Most Important Club In Your Bag: Putter Or Driver? Golf (Video)
Most Important Club In Your Bag: Putter Or Driver? Golf (Video)

After when I assess a golfer’s game, we sit down at the start of our lesson plot program and we sort of talk about where the strengths and weaknesses are. Most people would assess that they drive the ball badly, that they're not as good as they could be with the driver, they hit slices, they hit short shots, whatever it might be. But when we talk about putting the stock answer is always, “Yeah, my putting is okay, my putting is fine. I don’t have any problem with the putting.” What that basically means is that when they hit a driver, they sometimes embarrassed themselves. They top it, they sliced it, they lose the golf ball.

Yet when they hitting their putter, they very rarely lose a ball, they very rarely hit a duff putt; they very rarely embarrassed themselves with their putting. But actually when it comes to how that club is influential to your score, your putter has far more influence over your score than your driver. Just look at the simple stats that when you're driving the golf ball on an average golf course, you only hit it 14 times. But when you’re putting on a golf course and it accounts for about 36 shots, around about 40 percent of your average score if you’re going around at about 90.

And even when you look at the world’s best players, you look at Luke Donald, number one golf in the world last year, a 127th in the PGA Tour stats for combined driving. So not very long off the tee no, not actually the most accurate driver of the golf ball either, but second best player on the PGA Tour with the putter. And hence, he can win the money list because that part of his game is very strong.

So take at leaf found of Luke Donald's book. Work on this part of your game. Take the driver; put it to one side for the time being. Use a little bit of your precious practice time to practice your putting instead and hopefully that will have a big influence on the way your score can decrease as you go through this golfing season.

2012-06-11

After when I assess a golfer’s game, we sit down at the start of our lesson plot program and we sort of talk about where the strengths and weaknesses are. Most people would assess that they drive the ball badly, that they're not as good as they could be with the driver, they hit slices, they hit short shots, whatever it might be. But when we talk about putting the stock answer is always, “Yeah, my putting is okay, my putting is fine. I don’t have any problem with the putting.” What that basically means is that when they hit a driver, they sometimes embarrassed themselves. They top it, they sliced it, they lose the golf ball.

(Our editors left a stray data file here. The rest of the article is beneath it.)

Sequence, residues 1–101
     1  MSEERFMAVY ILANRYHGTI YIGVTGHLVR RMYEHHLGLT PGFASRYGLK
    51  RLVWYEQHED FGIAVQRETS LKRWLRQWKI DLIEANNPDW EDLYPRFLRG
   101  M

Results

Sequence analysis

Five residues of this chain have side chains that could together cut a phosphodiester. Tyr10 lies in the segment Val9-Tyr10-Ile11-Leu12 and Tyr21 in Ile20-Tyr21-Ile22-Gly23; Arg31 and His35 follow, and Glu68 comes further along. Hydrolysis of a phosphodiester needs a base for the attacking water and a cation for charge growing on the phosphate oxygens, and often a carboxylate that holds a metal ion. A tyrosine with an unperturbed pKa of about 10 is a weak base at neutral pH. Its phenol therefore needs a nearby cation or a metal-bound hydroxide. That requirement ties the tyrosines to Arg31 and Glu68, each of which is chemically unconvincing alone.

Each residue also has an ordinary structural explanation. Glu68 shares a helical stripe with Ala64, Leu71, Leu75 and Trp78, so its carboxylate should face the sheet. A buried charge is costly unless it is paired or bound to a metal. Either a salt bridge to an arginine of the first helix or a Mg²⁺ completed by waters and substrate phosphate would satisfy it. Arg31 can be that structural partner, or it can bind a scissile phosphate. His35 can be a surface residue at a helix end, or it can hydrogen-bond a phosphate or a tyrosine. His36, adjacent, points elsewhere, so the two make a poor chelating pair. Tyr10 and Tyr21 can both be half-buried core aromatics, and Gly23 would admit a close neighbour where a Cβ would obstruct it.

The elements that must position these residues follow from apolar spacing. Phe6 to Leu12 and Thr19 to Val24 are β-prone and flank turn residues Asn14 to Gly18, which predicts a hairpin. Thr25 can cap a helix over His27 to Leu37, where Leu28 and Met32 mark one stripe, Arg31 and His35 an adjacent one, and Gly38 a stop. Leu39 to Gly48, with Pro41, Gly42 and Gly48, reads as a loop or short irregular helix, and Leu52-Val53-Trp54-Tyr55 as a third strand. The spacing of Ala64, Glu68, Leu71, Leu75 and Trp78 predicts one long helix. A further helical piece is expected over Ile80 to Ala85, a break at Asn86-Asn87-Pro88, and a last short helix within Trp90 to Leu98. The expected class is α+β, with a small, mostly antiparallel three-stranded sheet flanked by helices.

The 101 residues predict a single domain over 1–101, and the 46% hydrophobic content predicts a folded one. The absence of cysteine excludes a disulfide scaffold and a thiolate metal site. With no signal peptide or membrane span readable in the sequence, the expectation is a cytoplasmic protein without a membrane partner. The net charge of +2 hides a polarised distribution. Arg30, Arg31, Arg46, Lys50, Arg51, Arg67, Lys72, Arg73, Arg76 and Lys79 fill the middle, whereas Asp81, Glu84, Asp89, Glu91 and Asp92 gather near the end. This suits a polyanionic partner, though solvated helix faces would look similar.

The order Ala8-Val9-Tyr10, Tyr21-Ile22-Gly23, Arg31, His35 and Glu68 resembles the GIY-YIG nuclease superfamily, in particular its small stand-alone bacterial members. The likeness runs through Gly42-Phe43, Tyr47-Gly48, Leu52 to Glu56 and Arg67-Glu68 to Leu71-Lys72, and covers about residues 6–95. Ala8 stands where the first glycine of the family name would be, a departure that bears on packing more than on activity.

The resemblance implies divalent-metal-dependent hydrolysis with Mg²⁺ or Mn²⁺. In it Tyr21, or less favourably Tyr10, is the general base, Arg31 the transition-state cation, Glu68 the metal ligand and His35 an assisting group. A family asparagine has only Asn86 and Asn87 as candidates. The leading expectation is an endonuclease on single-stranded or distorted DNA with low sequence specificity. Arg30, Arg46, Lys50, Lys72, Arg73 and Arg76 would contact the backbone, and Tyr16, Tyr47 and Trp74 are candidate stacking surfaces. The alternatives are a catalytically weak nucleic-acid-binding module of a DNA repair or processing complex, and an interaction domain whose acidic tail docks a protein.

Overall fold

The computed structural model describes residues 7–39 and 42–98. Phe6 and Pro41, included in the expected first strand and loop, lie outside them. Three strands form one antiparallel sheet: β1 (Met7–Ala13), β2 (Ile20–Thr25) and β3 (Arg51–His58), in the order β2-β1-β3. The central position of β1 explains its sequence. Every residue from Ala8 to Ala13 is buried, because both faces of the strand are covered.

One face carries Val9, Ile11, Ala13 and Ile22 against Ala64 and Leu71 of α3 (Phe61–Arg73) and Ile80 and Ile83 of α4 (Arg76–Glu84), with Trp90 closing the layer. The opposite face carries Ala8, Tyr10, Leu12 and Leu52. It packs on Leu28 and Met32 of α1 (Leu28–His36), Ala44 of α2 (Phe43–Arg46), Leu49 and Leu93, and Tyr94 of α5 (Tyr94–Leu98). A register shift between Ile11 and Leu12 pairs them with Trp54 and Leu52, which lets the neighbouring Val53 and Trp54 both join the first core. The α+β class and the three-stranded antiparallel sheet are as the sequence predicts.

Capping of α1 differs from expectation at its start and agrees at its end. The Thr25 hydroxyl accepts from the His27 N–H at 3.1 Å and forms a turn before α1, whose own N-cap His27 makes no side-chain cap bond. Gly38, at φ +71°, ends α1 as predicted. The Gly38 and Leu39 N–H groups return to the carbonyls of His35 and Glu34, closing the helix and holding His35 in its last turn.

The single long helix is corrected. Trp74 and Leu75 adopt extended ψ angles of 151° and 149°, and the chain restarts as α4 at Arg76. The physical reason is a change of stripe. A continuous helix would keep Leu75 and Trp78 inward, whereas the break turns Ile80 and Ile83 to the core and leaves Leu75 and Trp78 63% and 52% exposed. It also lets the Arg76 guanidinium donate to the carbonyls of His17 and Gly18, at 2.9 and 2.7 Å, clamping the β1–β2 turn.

Yet when they hitting their putter, they very rarely lose a ball, they very rarely hit a duff putt; they very rarely embarrassed themselves with their putting. But actually when it comes to how that club is influential to your score, your putter has far more influence over your score than your driver. Just look at the simple stats that when you're driving the golf ball on an average golf course, you only hit it 14 times. But when you’re putting on a golf course and it accounts for about 36 shots, around about 40 percent of your average score if you’re going around at about 90.

And even when you look at the world’s best players, you look at Luke Donald, number one golf in the world last year, a 127th in the PGA Tour stats for combined driving. So not very long off the tee no, not actually the most accurate driver of the golf ball either, but second best player on the PGA Tour with the putter. And hence, he can win the money list because that part of his game is very strong.

So take at leaf found of Luke Donald's book. Work on this part of your game. Take the driver; put it to one side for the time being. Use a little bit of your precious practice time to practice your putting instead and hopefully that will have a big influence on the way your score can decrease as you go through this golfing season.